In Madison v. ADT LLC, No. 21-90028 (5th Cir. Aug. 24, 2021), the panel holds that the district court should have disregarded the nominal in-state defendant when evaluating the “home state” exception to the Class Action Fairness Act (CAFA), 28 U.S.C. § 1332(d)(4)(B). It holds that primary defendants include those at whom a lawsuit is actually directed.
CAFA broadens the definition of diversity jurisdiction to include incomplete diversity between parties in class or “mass” action cases. In deference to local interests, though, CAFA excludes cases that are strongly identified with a locality, i.e., the “home state” exception.
The home state exception has three conditions: that “greater than two-thirds of the members of all proposed plaintiff classes in the aggregate are citizens of the State in which the action was originally filed,” that the “principal injuries resulting from the alleged conduct or any related conduct of each defendant were incurred in the State,” and – relevant to this case – at least one defendant “whose alleged conduct forms a significant basis for the claims” and “significant relief” is sought against them.
In this case, clearly seeking to bring itself within this exception, the plaintiffs pled a case solely against an employee of ADT. Defendant “Aviles was an ADT LLC (‘ADT’) employee who installed ADT’s home-security surveillance systems and used his access privileges to spy on customers in their homes. Taylor Madison and Angie Dickson, now also representing a class of plaintiffs, sued Aviles in [Texas] state court seeking millions in damages.” ADT intervened as a defendant and removed the case to federal court in the Northern District of Texas. Plaintiffs successfully won a remand under the home state exception.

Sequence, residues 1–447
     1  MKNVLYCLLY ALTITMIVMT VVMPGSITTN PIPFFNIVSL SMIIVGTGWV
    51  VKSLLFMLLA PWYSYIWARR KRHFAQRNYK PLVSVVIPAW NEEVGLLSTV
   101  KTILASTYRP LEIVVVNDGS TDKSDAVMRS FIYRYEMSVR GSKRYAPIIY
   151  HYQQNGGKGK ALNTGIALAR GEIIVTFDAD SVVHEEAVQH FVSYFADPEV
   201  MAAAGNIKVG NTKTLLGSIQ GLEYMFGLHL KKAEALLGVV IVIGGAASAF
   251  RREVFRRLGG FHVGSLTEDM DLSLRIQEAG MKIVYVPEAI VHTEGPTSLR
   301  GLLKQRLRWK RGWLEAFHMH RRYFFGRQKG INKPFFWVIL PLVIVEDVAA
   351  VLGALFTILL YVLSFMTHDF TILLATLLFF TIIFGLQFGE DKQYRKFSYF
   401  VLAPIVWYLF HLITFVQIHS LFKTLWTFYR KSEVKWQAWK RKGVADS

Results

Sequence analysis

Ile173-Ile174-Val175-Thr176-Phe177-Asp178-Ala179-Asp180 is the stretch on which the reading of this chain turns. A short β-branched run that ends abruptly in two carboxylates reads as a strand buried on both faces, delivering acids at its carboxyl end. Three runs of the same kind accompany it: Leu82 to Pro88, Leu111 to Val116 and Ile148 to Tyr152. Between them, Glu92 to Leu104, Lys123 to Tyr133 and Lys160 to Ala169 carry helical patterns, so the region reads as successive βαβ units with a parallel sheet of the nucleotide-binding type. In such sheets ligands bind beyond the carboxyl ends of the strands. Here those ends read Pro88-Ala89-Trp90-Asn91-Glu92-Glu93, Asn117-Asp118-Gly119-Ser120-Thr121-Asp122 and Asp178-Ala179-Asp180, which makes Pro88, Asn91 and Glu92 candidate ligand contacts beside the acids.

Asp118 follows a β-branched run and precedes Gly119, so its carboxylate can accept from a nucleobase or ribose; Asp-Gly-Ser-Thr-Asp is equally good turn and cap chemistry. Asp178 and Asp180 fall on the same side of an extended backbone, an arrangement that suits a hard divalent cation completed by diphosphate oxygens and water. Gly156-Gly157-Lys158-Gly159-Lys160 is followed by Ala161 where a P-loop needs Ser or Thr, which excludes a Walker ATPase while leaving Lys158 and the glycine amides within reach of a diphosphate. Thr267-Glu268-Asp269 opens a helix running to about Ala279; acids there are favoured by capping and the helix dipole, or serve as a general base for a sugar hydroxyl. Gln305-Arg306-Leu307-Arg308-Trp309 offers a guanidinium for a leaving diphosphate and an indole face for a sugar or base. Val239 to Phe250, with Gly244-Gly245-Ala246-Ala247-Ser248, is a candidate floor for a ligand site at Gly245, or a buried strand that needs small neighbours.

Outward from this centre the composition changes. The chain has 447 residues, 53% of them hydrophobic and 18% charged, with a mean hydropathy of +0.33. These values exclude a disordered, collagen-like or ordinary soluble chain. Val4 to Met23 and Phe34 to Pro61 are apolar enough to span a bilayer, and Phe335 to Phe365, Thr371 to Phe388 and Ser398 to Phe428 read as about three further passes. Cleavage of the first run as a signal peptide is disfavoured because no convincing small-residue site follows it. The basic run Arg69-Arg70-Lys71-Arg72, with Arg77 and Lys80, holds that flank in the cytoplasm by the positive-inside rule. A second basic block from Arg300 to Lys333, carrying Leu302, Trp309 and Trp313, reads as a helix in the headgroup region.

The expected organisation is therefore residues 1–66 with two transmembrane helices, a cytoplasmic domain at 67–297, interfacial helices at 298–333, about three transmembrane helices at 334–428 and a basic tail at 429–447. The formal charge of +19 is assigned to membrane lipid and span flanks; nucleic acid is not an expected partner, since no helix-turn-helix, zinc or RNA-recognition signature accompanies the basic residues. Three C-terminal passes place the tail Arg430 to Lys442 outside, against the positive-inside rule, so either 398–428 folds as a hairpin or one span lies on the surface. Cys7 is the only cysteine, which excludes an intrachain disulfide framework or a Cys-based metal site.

The Fifth Circuit granted review and reversed the remand order. (Although remands of removal are generally not appealable, ADT sought an appeal pursuant to 28 U.S.C. § 1453(c) that allows permissive review of remand orders under CAFA.)
“Aviles, who was sued by the plaintiffs, is a ‘primary defendant,’ of course. The issue here is whether ADT, a non-citizen of Texas, is also a ‘primary defendant’ under CAFA. If ADT is not a primary defendant, the district court was right to remand to the state court, but if ADT is a primary defendant, the district court was required to retain jurisdiction.”
The panel notes the paucity of authority on this issue but cites to the Third Circuit’s analysis in Vodenichar v. Halcón Energy Props, Inc., 733 F.3d 497 (3d Cir. 2013), and the Fifth Circuit’s brush with the topic in Watson v. City of Allen, Tex., 821 F.3d 634 (5th Cir. 2016). “[T]here is much to commend the Vodenichar emphasis on the ‘real target’ of the litigation and Watson’s description of the controversy’s ‘primary thrust.’ Whether ADT is vicariously or secondarily liable is a relevant factor, certainly, but it does not necessarily control a court’s determination, or the analysis would often be at odds with the Supreme Court’s admonition ‘against adopting rules in the CAFA context that would ‘exalt form over substance.’’”
So here, “Madison and Dickson claim to represent a class of plaintiffs seeking millions in recovery for the invasion of their privacy, although, as of yet, they have asserted claims against only the offending employee (who is imprisoned). But the thrust of this suit is to gain access to ADT’s deep pockets, and ADT, having properly intervened, must be considered a primary defendant under CAFA.” Thus, the home state exception did not apply.